According to a survey of over 300 marketers across a variety of industries, nearly two-thirds (64 percent) believe social marketing is "more effective than traditional marketing." Yet, few think they can effectively measure the ROI of online social media (34 percent) or offline WOM (22 percent).
The end-result is that measurement problems are preventing greater usage of word of mouth marketing. The top three cited obstacles are difficulty in measuring offline WOM (89 percent), not being able to show ROI (85 percent), and difficulty measuring online social media (79 percent). Other obstacles are a lack of company coordination (75 percent) and lack of understanding about WOM marketing (64 percent).
The American Marketing Association (AMA) and the Word of Mouth Marketing Association (WOMMA) sponsored the first of its kind survey.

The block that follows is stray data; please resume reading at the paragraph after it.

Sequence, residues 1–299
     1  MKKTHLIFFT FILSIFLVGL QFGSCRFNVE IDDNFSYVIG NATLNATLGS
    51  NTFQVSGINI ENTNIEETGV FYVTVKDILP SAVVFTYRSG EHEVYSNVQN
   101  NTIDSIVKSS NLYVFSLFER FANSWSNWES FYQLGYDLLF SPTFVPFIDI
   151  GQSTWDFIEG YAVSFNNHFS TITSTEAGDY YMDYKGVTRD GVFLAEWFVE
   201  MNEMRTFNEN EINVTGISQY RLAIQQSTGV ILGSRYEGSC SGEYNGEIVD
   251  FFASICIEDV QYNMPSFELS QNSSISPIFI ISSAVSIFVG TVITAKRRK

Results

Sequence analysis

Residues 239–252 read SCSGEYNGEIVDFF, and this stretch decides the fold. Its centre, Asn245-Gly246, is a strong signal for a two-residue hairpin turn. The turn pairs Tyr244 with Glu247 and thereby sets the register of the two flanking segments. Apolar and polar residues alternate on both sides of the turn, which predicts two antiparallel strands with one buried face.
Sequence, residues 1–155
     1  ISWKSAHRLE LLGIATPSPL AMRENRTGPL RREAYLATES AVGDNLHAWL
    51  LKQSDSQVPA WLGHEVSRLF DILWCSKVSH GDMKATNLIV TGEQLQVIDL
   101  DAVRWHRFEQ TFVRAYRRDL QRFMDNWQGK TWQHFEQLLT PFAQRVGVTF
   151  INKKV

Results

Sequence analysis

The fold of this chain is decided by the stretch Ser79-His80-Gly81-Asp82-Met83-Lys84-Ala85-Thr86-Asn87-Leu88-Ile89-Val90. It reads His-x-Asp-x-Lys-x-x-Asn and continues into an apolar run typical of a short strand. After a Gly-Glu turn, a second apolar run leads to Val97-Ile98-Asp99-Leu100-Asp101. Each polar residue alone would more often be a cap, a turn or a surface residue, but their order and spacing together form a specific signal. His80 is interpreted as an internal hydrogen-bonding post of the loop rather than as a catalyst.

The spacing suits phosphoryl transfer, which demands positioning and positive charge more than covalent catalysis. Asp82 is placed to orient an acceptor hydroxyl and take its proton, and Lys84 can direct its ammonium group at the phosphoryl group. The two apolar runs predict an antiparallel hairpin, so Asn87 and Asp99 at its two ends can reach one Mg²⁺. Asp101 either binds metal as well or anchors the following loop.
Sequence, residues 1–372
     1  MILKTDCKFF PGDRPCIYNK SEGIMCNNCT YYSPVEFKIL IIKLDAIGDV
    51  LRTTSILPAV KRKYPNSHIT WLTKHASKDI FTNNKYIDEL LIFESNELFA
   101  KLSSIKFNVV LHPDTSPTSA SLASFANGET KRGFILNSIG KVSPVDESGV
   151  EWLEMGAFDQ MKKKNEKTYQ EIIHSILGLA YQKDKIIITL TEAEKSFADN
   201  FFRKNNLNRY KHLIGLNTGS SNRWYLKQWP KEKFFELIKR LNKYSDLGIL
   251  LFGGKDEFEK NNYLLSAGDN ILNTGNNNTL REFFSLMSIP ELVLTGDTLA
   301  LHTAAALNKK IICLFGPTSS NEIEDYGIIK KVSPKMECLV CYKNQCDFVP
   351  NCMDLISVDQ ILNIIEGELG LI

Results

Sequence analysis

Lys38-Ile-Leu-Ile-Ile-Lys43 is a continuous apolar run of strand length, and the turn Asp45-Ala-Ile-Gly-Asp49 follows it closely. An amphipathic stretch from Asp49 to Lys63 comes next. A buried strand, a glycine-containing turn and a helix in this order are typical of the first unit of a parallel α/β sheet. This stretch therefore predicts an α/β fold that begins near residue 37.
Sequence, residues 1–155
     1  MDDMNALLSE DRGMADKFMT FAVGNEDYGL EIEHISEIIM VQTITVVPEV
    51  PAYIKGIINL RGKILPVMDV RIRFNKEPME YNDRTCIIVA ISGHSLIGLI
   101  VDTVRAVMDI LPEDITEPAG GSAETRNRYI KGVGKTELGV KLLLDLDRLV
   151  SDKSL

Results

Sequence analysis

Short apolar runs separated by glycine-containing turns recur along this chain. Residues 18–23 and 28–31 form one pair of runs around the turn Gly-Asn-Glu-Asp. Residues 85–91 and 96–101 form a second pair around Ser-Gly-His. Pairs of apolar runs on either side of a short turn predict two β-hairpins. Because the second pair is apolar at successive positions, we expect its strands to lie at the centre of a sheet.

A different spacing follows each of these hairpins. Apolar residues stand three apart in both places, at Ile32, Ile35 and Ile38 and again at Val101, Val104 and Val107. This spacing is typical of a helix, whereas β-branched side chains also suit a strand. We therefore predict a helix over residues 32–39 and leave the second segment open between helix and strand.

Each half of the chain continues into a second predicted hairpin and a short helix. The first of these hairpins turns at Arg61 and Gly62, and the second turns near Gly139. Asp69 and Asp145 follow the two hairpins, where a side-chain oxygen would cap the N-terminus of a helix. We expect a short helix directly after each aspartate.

In an interview with Business 2 Community, David Smith, director of research & analytics at House Party, a social media marketing company, cited weak measurement tools as the reason only 43 percent of marketers listed "direct sales" as a major objective of their WOMM/social media campaigns. Coming in much higher were driving brand awareness (82 percent) and increasing engagement (69 percent). He added, "If marketers were better able to measure a sales impact, they'd feel more comfortable listing that as an objective."
Demonstrating the particular challenges around quantifying offline WOM ROI, organizing parties or events earned the highest level of satisfaction overall, with nine in 10 marketers saying they were "very" or "somewhat" satisfied using this tactic. Yet only 30 percent of all respondents surveyed utilized such events.
WOMMA plans to unveil a landmark study on ROI at its November summit.
Other findings from the survey:
Should offline or online WOM be receiving a larger share of the marketing budget?